Does di­vest­ment work?

Nairobi Law Monthly - - Analysis -

Be­gin­ning in the early nine­teeneight­ies, stu­dents on col­lege cam­puses across the U.S. de­manded that their univer­si­ties stop in­vest­ing in com­pa­nies that con­ducted busi­ness in South Africa, in protest of the apartheid sys­tem. As an ex­am­ple of so­cial ac­tivism, the cam­paign was a phe­nom­e­nal suc­cess: by the end of the decade, about a hun­dred and fifty ed­u­ca­tional in­sti­tu­tions had di­vested. But did the cam­paign suc­ceed in pres­sur­ing the South African govern­ment to dis­man­tle apartheid? The an­swer is less ob­vi­ous than you might think.

The econ­o­mists Siew Hong Teoh, Ivo Welch, and C. Paul Waz­zan stud­ied how U.S. di­vest­ment move­ments af­fected the South African fi­nan­cial mar­ket and the share prices of US com­pa­nies with South African op­er­a­tions. Di­vest­ments were ex­pected, on av­er­age, to de­crease share prices, but the study found that, in fact, political pres­sure turned out to have no dis­cernible ef­fect on the shares' pub­lic mar­ket val­u­a­tions. Ac­cord­ing to the au­thors, a pos­si­ble ex­pla­na­tion of this find­ing is that “the boy­cott pri­mar­ily re­al­lo­cated shares and op­er­a­tions from ‘so­cially re­spon­si­ble' to more in­dif­fer­ent in­vestors and coun­tries.”

Al­though con­tem­po­rary di­vest­ment cam­paigns have the po­ten­tial to do a lot of good, we need to be clear about what their path to im­pact might be. Di­vest­ment is an ex­am­ple of so­cially re­spon­si­ble in­vest­ing—the prac­tice of ei­ther in­vest­ing only in so­cially valu­able com­pa­nies or, more com­monly, re­fus­ing to in­vest in com­pa­nies that are deemed “un­eth­i­cal.” So­cially re­spon­si­ble in­vest­ing is big: ac­cord­ing to a 2014 re­port by the Fo­rum for Sus­tain­able and Re­spon­si­ble In­vest­ment, roughly one in six dol­lars, or about eigh­teen per cent, of the $36.8 tril­lion in pro­fes­sion­ally man­aged as­sets in the U.S. is in­volved in so­cially re­spon­si­ble in­vest­ing. And the move­ment has ex­ploded in the past two decades. Stu­dents are lob­by­ing their univer­si­ties to di­vest from morally du­bi­ous in­dus­tries, such as to­bacco or firearms. More re­cently, a coali­tion of two thou­sand in­di­vid­u­als—in­clud­ing celebri­ties like Leonardo Dicaprio—and four hun­dred in­sti­tu­tions worth $2.6 tril­lion has pledged to di­vest from fos­sil-fuel com­pa­nies.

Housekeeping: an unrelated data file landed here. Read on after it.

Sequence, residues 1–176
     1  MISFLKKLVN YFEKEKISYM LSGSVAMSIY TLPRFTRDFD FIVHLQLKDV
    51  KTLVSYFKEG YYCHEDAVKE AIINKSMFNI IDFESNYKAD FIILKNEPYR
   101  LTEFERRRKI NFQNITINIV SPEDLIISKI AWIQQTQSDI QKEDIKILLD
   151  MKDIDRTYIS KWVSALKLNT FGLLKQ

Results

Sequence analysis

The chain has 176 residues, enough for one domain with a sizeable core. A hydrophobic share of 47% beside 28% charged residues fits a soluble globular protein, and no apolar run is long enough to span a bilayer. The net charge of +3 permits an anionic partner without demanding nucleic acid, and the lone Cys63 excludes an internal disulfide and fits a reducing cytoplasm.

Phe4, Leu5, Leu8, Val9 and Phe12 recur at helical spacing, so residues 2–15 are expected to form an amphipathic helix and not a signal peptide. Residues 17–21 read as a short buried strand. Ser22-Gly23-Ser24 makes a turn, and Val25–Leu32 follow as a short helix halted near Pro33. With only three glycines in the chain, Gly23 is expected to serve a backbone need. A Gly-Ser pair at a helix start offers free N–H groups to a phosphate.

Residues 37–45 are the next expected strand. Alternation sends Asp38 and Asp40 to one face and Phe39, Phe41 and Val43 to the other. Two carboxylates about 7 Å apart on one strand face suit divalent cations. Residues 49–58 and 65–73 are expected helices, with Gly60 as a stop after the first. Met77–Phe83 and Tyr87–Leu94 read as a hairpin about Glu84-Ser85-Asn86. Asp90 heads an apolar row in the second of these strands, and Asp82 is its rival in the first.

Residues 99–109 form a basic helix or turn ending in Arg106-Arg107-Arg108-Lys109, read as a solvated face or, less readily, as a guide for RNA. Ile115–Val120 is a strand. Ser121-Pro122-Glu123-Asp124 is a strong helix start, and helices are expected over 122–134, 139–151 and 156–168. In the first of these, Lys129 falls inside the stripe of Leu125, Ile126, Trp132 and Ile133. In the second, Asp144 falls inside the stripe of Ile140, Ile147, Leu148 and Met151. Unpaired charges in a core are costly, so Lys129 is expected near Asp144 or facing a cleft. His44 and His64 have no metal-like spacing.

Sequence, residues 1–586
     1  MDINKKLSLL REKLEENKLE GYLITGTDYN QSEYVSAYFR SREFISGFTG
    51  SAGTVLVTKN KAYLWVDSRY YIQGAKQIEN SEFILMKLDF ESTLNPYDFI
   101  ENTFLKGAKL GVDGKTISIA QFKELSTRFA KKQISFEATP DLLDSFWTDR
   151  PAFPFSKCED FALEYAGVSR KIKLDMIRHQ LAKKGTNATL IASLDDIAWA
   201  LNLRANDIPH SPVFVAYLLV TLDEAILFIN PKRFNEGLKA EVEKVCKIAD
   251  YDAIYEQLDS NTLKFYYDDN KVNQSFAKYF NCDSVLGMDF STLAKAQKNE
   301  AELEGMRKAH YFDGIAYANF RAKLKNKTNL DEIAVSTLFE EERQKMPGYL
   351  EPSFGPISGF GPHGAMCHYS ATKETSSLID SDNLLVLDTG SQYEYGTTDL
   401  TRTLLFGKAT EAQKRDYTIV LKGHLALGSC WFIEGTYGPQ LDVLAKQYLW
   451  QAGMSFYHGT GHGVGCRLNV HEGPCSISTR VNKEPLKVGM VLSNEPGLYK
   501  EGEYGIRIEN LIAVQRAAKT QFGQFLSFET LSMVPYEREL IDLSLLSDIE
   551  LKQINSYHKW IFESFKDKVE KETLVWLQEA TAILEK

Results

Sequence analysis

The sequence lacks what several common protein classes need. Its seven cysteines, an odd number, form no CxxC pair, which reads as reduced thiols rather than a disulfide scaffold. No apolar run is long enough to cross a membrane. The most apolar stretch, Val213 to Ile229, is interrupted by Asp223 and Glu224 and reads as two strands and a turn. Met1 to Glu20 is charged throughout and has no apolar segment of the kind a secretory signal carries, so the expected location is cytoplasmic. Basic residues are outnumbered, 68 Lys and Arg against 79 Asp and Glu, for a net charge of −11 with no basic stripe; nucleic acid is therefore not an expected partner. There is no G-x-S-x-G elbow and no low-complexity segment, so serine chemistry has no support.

How­ever, if the aim of di­vest­ment cam­paigns is to re­duce com­pa­nies' prof­itabil­ity by di­rectly re­duc­ing their share prices, then th­ese cam­paigns are mis­guided. An ex­am­ple: sup­pose that the mar­ket price for a share in Exxonmo­bil is ten dol­lars, and that, as a re­sult of a di­vest­ment cam­paign, a univer­sity de­cides to di­vest from Exxonmo­bil, and it sells the shares for nine dol­lars each. What hap­pens then?

Well, what hap­pens is that some­one who doesn't have eth­i­cal con­cerns will snap up the bar­gain. They'll buy the shares for nine dol­lars apiece, and then sell them for ten dol­lars to one of the other thou­sands of in­vestors who don't share the univer­sity's moral scru­ples. The mar­ket price stays the same; the com­pany loses no money and no­tices no dif­fer­ence. As long as there are eco­nomic in­cen­tives to in­vest in a cer­tain stock, there will be in­di­vid­u­als and groups—most of whom are not un­der any pres­sure to act in a so­cially re­spon­si­ble way—will­ing to jump on the op­por­tu­nity. Th­ese peo­ple will undo the good that so­cially con­scious in­vestors are try­ing to do.

There is an im­por­tant dif­fer­ence, there­fore, be­tween di­vest­ment and prod­uct boy­cotts. If a group of peo­ple be­lieves that the Coca- Cola Com­pany is harm­ing the world, whereas Pep­sico isn't, and ac­cord­ingly switch their con­sump­tion from Coke to Pepsi, the Coca- Cola Com­pany is harmed. Their sales de­crease, and they make less profit. By con­trast, if the same group of peo­ple stop in­vest­ing in Coca-cola, and in­vest in­stead in Pepsi, things will quickly bal­ance out, and nei­ther com­pany will no­tice much dif­fer­ence. As soon as an eth­i­cal in­vestor sells a share, a neu­tral or un­eth­i­cal in­vestor will buy it.

This means that di­vest­ment risks be­ing harm­ful. Sev­eral stud­ies have shown that, be­cause of the pres­sure against in­vest­ing in morally du­bi­ous com­pa­nies, “un­ethi-

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